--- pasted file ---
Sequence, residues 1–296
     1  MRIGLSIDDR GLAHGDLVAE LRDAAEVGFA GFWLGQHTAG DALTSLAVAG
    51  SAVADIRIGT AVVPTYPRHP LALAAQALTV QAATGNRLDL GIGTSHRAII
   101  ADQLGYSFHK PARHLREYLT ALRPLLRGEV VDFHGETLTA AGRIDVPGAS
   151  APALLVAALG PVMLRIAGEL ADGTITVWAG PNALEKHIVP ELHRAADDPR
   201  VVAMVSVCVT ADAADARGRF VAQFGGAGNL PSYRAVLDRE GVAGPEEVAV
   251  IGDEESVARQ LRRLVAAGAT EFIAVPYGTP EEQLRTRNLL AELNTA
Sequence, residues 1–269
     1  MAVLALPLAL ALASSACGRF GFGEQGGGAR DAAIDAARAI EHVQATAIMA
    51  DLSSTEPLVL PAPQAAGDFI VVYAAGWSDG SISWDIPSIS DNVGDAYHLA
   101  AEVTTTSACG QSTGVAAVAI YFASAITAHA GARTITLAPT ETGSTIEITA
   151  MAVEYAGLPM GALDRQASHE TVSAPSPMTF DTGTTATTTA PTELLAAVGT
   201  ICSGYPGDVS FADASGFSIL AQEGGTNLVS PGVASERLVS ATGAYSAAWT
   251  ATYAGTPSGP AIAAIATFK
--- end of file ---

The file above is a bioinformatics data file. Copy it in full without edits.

Sequence, residues 1–296
     1  MRIGLSIDDR GLAHGDLVAE LRDAAEVGFA GFWLGQHTAG DALTSLAVAG
    51  SAVADIRIGT AVVPTYPRHP LALAAQALTV QAATGNRLDL GIGTSHRAII
   101  ADQLGYSFHK PARHLREYLT ALRPLLRGEV VDFHGETLTA AGRIDVPGAS
   151  APALLVAALG PVMLRIAGEL ADGTITVWAG PNALEKHIVP ELHRAADDPR
   201  VVAMVSVCVT ADAADARGRF VAQFGGAGNL PSYRAVLDRE GVAGPEEVAV
   251  IGDEESVARQ LRRLVAAGAT EFIAVPYGTP EEQLRTRNLL AELNTA
Sequence, residues 1–269
     1  MAVLALPLAL ALASSACGRF GFGEQGGGAR DAAIDAARAI EHVQATAIMA
    51  DLSSTEPLVL PAPQAAGDFI VVYAAGWSDG SISWDIPSIS DNVGDAYHLA
   101  AEVTTTSACG QSTGVAAVAI YFASAITAHA GARTITLAPT ETGSTIEITA
   151  MAVEYAGLPM GALDRQASHE TVSAPSPMTF DTGTTATTTA PTELLAAVGT
   201  ICSGYPGDVS FADASGFSIL AQEGGTNLVS PGVASERLVS ATGAYSAAWT
   251  ATYAGTPSGP AIAAIATFK